Ari Kaplan has heard concerns from general counsels and senior in-house counsels: “They are not sure what the enforcement is going to be like from the government. They are concerned and worried that they will bring down certain organizations because you are seeing large enforcement of GDPR with large organizations who can in many ways afford the penalties, but the CCPA will target organizations that will be different.”

The verdict: The judges disagreed!

Judge Peck commented that parts of the GDPR are great, but overall, the regulation needs tweaks and more cooperation. As for CCPA, it’s okay—but a national law is needed.

Judge Francis said he felt the GDPR proves to be more of a foe because, on macro level, it slows the free flow of information. He would prefer that distinctions can’t be made on types of information. 

Question 3: Are biometrics creepy or efficient?

Panelists all agreed: both. It’s creepy in that you don’t always know where your biometric data goes, but we give it up for sanity and efficiency. The bottom line when it comes to biometrics, for our panelists, is that providing this type of data is an individual decision. People should be conducting a personal cost-benefit analysis each time they’re asked to give up this information. Still, the panelists’ opinions on how high the threshold should be certainly varied.

Meribeth Banaschik posited that “[micro]chips are totally creepy. To go to the extent of having minimally invasive surgery just to be faster? Are we that lazy?”

On the other hand, Ari Kaplan questioned the question: “Why are we even having this conversation? It’s all inevitable, just like the cloud.” 

And the verdict from the judges? This stuff is creepy, but it does help you get into Yankee Stadium—so that’s certainly something.

Question 4: What’s the worst part of e-discovery?

Right off the bat, Judge Peck chimed in first to warn not to answer by saying “the judge.”

From there, each panelist came up with a different response. For Kelly Twigger, the worst part is the complexity. For Ari, it’s the hyphen. For Ryan O’Leary: “The worst part was going through paper boxes to then have them scanned and OCRed to then review them a second time—painstakingly slowly—on a review platform.”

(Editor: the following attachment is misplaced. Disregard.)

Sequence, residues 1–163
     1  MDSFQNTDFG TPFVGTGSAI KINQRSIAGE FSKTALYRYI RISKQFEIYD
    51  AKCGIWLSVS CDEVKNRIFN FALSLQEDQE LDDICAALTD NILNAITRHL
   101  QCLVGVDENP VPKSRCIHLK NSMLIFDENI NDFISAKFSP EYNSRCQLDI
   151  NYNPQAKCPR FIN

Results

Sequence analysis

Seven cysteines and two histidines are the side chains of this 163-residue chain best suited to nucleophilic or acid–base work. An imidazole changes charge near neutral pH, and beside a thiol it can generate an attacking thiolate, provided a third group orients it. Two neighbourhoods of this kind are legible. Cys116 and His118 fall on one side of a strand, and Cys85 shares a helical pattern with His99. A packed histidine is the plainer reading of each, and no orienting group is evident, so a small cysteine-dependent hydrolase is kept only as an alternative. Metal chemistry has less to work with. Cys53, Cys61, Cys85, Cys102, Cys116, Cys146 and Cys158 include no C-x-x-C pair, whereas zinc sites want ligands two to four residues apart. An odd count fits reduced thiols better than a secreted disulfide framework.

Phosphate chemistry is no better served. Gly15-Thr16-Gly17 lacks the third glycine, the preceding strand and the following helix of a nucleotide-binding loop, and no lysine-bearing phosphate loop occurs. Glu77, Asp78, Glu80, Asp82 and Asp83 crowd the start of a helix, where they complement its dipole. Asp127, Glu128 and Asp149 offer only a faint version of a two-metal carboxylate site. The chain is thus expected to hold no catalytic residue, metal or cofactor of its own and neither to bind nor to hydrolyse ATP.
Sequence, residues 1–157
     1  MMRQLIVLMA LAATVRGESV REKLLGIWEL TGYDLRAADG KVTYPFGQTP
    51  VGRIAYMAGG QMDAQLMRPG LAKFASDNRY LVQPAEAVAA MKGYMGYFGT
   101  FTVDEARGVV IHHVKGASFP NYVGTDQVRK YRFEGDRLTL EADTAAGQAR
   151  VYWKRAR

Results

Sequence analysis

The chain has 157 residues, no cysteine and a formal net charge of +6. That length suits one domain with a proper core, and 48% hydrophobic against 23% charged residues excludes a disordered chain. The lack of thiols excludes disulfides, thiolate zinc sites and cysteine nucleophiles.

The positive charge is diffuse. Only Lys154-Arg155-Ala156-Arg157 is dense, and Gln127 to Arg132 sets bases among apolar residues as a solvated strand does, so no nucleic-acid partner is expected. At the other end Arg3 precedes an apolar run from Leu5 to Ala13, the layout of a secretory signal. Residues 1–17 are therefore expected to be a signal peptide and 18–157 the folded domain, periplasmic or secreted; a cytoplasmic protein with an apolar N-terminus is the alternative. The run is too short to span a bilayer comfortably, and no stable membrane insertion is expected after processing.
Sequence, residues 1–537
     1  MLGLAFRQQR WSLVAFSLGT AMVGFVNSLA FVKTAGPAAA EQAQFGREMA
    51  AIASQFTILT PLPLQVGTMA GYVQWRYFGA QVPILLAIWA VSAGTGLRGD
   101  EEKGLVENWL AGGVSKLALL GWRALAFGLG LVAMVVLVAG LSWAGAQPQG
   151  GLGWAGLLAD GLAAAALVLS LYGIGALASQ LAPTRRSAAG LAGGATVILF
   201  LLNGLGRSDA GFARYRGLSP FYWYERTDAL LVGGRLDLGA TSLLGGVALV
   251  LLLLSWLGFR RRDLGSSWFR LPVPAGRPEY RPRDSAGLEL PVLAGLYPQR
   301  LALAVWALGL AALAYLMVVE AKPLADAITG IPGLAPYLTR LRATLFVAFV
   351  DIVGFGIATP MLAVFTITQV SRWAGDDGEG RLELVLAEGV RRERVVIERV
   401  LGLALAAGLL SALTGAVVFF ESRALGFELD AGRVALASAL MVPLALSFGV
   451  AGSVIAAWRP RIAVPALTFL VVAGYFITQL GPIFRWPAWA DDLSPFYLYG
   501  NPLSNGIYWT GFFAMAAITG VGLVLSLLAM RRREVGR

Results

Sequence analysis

This verdict offered a surprise twist: Judge Francis disagreed with Judge Peck’s initial comment, suggesting that the judges really are the worst part. Judges, he suggested, are applying rules based on the paper world.

Audience members couldn’t help but chime in and shout out their thoughts on this question. Phil Favro shouted from the back of the room that it’s the lawyers. Mary Pat Poteet said “It’s the easy button. You just push the button and it [e-discovery] magically all happens.”

And Craig Ball just wanted to say: “How gratified I was that nobody thinks the cost is. What a relief that’s finally behind us.”  

But the panel warned that it just may not have been brought up yet.

Have your own thoughts on the worst part of e-discovery? Let us know what you think on Twitter or in the Relativity Community.

Bonus: What Even Experts Need to Know about the Current State of the e-Discovery Union

Upon sharing their closing thoughts, all of the panelists offered a bit of wisdom. But we especially liked these comments from Judge Francis:

“You are the most knowledgeable people in a cutting-edge area—which I think gives you an incredible amount of power. And with great power comes great responsibility,” Judge Francis said in urging the audience to push the law for more justice.  

Read What Today's GCs Know to Be True about Future of Law

Tammie Josifovic is a member of the marketing team at Relativity, where she focuses on supporting and lifting up the community both online and in person.